Monday, 16 May 2016

Great Spotted Cuckoo

The bird was first flagged on the Friday, but would have been the subject a major twitch over the weekend. We had given it a couple of days for the numbers to die down a bit, but in the end the chance of seeing a Great Spotted Cuckoo was too much of a draw. Early Monday morning and we headed off west along the A27 attempting to beat the usual traffic jams.

We had a plan. Great Spotted Cuckoo in the morning and then if nothing else was showing in Portland we would head north to Cotley Hill to see the Marsh Fritillaries. 

It did not look promising when we arrived. There were no birders at its usual spot in Reap Lane and a quick check at the Bird Observatory gave us the news that it had been seen there earlier in the morning but had then flown off north and its whereabouts were now unknown.

We headed back to Reap Lane to wait for its return and the reason for it favouring this location soon became apparent. The bushes were covered in tents containing the caterpillars of the Brown Tailed Moth, as was the ground, and if you stood still long enough you would have them crawling up your legs. The Cuckoo is equipped to eat them but for humans the hairs can cause skin irritation and breathing difficulties. The best advice I have seen, is not to stick them up your nose.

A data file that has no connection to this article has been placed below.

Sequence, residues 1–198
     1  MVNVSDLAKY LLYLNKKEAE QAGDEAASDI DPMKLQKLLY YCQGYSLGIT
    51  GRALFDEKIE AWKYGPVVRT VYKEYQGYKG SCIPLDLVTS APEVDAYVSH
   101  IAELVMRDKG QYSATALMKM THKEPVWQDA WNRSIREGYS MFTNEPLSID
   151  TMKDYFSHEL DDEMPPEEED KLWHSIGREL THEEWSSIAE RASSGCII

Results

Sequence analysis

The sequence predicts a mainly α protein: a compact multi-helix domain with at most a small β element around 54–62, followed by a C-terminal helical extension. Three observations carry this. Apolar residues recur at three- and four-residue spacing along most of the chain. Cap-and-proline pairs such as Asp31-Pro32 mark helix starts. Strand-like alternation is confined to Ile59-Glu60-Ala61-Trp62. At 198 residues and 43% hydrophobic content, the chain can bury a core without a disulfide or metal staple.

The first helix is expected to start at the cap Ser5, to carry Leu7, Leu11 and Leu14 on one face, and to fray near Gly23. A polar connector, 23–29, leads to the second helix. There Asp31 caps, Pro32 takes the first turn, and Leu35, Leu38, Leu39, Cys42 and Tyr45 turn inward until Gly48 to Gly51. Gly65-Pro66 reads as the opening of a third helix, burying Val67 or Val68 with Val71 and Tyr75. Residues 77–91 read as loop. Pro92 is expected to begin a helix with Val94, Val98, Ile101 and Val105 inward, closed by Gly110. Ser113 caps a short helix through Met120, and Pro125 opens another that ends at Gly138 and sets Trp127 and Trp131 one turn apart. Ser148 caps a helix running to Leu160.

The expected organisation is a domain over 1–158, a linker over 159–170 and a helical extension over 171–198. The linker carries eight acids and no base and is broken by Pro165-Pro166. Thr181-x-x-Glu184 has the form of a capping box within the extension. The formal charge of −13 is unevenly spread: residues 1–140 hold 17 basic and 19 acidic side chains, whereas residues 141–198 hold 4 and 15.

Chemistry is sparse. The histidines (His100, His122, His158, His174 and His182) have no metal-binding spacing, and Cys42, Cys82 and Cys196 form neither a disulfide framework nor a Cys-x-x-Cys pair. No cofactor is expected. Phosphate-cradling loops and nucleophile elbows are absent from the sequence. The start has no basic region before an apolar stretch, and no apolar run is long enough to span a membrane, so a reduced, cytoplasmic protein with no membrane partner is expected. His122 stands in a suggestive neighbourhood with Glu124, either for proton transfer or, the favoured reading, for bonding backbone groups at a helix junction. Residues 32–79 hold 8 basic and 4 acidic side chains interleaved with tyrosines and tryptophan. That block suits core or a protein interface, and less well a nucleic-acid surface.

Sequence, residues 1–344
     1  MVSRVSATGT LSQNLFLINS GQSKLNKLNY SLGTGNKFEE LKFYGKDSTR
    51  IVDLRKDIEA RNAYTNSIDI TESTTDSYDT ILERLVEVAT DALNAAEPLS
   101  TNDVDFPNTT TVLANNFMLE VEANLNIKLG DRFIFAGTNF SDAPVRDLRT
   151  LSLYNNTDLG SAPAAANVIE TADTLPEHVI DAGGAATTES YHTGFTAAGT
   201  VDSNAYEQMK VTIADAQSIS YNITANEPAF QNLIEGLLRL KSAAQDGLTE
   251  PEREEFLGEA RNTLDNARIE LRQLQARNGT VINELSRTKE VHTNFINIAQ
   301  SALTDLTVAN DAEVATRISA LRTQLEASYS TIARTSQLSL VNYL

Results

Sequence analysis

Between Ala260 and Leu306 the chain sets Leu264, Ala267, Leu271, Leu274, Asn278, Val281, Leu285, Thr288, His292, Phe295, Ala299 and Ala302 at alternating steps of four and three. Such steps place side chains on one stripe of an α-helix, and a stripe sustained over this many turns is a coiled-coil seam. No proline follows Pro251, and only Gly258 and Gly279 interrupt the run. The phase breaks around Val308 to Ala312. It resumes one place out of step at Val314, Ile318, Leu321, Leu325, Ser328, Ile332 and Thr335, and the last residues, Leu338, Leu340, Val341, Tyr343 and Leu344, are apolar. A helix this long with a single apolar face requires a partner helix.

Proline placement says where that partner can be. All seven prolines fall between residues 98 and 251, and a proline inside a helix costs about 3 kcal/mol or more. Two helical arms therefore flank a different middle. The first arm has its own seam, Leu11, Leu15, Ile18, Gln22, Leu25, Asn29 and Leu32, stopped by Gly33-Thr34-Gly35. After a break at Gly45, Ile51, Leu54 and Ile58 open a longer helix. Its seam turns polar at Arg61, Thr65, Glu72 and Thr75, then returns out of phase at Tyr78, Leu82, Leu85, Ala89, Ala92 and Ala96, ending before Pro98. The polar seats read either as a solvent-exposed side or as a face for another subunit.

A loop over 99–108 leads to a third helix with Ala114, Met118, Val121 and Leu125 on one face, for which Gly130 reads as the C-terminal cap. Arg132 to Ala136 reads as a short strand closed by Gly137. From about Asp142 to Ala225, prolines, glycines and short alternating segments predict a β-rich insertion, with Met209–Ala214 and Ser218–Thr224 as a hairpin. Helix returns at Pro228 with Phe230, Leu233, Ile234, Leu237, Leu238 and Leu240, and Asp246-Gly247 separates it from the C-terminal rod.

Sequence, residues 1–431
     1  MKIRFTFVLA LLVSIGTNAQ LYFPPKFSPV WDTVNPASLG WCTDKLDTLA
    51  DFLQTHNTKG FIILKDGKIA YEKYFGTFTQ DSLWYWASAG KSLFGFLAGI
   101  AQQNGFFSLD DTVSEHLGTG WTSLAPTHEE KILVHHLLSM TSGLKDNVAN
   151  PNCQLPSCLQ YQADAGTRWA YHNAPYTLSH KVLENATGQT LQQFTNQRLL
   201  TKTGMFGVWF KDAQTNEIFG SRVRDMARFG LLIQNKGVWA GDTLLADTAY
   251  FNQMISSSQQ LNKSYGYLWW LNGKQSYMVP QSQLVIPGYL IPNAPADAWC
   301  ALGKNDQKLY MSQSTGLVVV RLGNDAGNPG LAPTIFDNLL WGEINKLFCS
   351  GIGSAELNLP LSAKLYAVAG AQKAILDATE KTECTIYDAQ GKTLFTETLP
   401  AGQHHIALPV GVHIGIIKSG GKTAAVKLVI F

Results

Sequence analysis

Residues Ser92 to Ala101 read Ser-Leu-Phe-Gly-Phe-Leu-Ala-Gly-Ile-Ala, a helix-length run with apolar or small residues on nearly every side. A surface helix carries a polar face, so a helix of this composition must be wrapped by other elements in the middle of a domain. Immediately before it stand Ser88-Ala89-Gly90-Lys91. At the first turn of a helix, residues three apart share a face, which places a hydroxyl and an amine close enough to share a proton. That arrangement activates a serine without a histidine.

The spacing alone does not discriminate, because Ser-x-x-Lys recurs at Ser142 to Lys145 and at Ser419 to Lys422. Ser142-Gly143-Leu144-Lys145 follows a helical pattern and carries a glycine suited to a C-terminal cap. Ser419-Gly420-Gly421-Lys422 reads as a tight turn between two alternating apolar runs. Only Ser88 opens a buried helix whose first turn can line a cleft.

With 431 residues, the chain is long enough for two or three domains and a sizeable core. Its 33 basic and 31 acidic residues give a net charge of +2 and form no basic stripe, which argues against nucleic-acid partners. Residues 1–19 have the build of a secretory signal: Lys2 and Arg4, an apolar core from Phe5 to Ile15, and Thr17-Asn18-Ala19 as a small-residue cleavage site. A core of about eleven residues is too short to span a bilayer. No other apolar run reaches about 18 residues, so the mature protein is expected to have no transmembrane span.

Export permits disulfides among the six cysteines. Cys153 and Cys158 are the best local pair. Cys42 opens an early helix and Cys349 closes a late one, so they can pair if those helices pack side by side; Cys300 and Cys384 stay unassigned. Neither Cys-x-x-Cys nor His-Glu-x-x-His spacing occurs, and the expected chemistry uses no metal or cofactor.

We waited a couple of hours with confidence levels gradually sinking but then to our relief the Cuckoo flew in. That was the good news, the bad news was that it landed deep in some bushes rather than out on the post where we wanted it.

Still a life tick for both of us and in the end we were able to get some decent record shots so we can't really complain.

It did eventually come out and start tearing open a few of the caterpillar tents but it was deep in the brambles and did not give picture opportunities. It was then spooked by the inevitable dog walker and disappeared back into the bushes.

We waited about another hour but it was clear that we were not going to get better shots. When we arrived we were the only two birders looking for it but once the bird had put in an appearance the numbers of people looking at it gradually increased and the chances of it coming out into the open reduced. In the end we had a sizeable twitch and feeling a little uncomfortable with the experience we decided to move on. 

I had really wanted a flight shot and I did get one but it is not exactly the picture that I had been looking for.

Still a great bird and it was worth the trip down to Portland and with it only being one o'clock we still had time to get to Cotley Hill for the Marsh Fritillaries. More on that in the next blog.

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